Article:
Humanity first: The Turkish version of soft power

NAZMUL ISLAM * - ESRA EYMEN CANSU **
Published

The main theorist of soft power policy, Joseph S. Nye Jr. said "soft power" is the ability to attract and persuade through cultural, economic, diplomatic, political values, foreign policies and personal relations. While most influential countries such as China, Germany, France, Russia and India spend a lot of time and money manufacturing national narratives in a top-down manner, some others, such as the United States, do it in a bottom-up manner through the agency of nongovernmental organizations (NGOs) and civil society.

Fascinatingly, Turkey's soft power policies are both top-down and bottom-up in approach. The top-down ones are pursued by governmental institutions such as the Turkish Cooperation and Coordination Agency (TİKA), the Disaster and Emergency Management Presidency (AFAD) and the Yunus Emre Institute (YEE), while bottom-up approaches are carried out through nongovernmental organizations such as the Turkish Red Crescent Society and many others working in different parts of the world.

Nevertheless, comparatively the worldwide approach of the U.S.' soft power policy is through participation with civil society groups, while Turkey's policies and strategies are a "high volume approach" from the measurement of humanitarian impacts on other countries. Moreover, Turkish governmental institutions and NGOs prioritize and maintain Turkey's national interest, historical legacy and cultural cooperation to maintain its old, historical and current allies to a great extent.

It can be argued that Turkish institutions already have a trustworthy leadership position all over the world due to their enormous humanitarian activities, increasing the country's soft power and positive image in the world. The warm assistance to millions of Syrian refugees since 2013, aid for Qatar in the aftermath of the blockade by the Saudi-led coalition in the past year, the stance on the Rohingya refugee crisis and so on, all prove Turkey's strong position when it comes to humanitarian problems. Turkey also follows a comprehensive policy on aid issues as it always extends a helping hand when it comes to world disasters such as the 2010 Pakistan flood, the 2011 earthquake in Japan, the huge typhoon in the Philippines, the floods in the Balkans, the earthquake in Nepal, the humanitarian crises in Yemen and Libya. All of them have branded Turkey as the world's second most generous humanitarian assistance country as a percentage of gross national income, according to a 2017 report by U.K.-based Development Initiatives.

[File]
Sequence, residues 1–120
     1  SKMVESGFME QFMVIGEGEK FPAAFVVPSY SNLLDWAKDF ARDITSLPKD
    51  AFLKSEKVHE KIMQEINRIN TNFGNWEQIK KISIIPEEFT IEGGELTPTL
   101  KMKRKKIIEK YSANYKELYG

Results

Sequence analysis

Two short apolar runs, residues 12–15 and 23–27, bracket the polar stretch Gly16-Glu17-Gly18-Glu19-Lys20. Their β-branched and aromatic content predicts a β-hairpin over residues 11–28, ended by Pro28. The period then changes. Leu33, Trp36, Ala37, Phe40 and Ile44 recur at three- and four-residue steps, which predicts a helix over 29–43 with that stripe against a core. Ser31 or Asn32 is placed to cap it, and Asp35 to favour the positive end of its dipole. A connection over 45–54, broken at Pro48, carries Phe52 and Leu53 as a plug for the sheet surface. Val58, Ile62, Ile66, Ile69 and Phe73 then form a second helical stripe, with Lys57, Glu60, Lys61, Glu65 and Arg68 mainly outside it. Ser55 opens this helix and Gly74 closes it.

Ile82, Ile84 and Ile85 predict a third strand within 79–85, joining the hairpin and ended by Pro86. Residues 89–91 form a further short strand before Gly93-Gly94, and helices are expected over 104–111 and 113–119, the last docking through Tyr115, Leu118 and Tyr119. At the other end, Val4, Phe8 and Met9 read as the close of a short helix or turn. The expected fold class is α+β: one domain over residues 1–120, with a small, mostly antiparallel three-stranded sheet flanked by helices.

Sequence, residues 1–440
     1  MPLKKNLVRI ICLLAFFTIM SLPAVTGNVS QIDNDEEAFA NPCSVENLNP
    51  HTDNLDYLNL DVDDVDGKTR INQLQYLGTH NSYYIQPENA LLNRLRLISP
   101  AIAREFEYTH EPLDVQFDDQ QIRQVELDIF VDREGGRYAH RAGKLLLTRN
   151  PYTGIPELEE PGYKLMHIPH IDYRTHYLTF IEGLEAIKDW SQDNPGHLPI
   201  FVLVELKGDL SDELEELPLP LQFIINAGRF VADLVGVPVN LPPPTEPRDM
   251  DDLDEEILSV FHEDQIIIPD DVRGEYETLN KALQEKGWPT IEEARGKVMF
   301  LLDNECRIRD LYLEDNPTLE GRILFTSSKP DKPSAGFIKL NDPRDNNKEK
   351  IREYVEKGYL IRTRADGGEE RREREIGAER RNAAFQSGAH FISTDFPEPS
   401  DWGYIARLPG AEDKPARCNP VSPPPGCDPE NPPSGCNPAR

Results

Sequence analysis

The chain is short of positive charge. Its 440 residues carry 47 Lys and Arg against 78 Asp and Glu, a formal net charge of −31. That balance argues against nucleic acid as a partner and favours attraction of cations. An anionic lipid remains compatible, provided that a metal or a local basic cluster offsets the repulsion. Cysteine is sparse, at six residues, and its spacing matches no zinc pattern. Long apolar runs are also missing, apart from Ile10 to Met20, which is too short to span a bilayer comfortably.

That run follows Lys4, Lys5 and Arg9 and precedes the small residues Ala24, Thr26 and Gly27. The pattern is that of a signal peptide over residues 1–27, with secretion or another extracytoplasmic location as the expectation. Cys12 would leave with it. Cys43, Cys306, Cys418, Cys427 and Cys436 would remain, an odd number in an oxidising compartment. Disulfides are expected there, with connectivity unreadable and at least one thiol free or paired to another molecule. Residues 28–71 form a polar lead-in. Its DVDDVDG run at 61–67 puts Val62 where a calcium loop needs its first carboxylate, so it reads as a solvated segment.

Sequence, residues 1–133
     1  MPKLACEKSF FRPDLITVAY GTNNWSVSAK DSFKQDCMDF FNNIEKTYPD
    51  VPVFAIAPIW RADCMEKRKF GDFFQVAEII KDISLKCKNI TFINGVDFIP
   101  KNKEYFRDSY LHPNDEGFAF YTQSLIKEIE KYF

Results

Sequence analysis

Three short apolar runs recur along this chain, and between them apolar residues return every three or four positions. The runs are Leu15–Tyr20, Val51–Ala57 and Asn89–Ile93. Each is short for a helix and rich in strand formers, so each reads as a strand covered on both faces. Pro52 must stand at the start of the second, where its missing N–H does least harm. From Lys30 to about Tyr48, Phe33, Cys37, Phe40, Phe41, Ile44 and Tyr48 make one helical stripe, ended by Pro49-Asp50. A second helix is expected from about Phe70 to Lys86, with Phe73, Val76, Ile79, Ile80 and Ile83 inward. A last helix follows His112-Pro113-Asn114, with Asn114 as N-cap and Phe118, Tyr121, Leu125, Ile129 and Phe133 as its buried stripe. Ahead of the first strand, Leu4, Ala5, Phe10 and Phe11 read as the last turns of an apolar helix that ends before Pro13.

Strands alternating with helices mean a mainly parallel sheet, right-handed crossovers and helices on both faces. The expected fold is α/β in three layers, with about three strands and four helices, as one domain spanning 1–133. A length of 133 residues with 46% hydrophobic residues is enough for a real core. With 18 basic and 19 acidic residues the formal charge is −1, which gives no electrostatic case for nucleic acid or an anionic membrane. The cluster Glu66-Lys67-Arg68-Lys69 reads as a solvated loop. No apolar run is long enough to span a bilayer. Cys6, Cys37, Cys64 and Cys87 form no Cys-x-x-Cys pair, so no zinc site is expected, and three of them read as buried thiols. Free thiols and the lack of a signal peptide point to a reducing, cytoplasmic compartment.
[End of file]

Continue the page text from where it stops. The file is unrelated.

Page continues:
Additionally, the cultural impact of Turkish soft power institutions are felt via drama series and movies. Turkey is now the second highest exporter of TV series globally after the United States. "Nearly 150 Turkish television series have been sold to over 100 countries" William Armstrong wrote in The New York Times on Nov. 4, 2017.

Most interestingly, President Recep Tayyip Erdoğan and his humanitarian role throughout the world also make Turkey a powerful emerging country. For instance, his recent political reaction against the U.S.' decision on Jerusalem and his famous phrase at U.N. meetings, "The world is bigger than five," have become the instrumental model of soft power impacts by Turkey in the world, particularly in the Muslim world. Another example is the political and economic success of Erdoğan's party, the Justice and Development Party (AK Party) that influences MENA region countries in political and economic manners.

New dawn, new history

In terms of persuasion, "having power" and being a deeply responsible actor is where Turkey can be a successful diplomatically capable country by its own narratives, choices, objectives, goals and behaviors. The effective communication of soft power policy and strategy indicates that the new "Turkish story" is rising and emerging as a trustworthy leadership position in the world. It can only be possible through public, private and nongovernmental sectors of soft power institutions where both soft and smart power policies and strategies can be used to achieve the realpolitik domestic and foreign policy interests of Turkey for its own, as well as global, peace and security.

This kind of leadership position gives Turkey huge responsibilities where it can be part of any countries' policy-making and policy implementation processes, like other powerful countries do

to ensure their national interest.

Now, the world is facing a leadership vacuum due to Donald Trump's term in the U.S. and the ascendant right-wing populist parties in Europe. Hence, there is rising demand for a new world order and new leadership, economically, politically and culturally; Turkey may fill that vacuum and write a new history for tomorrow's world.

* Ph.D. candidate, Department of Political Science and Public Administration, Ankara Yıldırım Beyazıt University

** Postgraduate researcher, Department of International Relations, Ankara Social Science University

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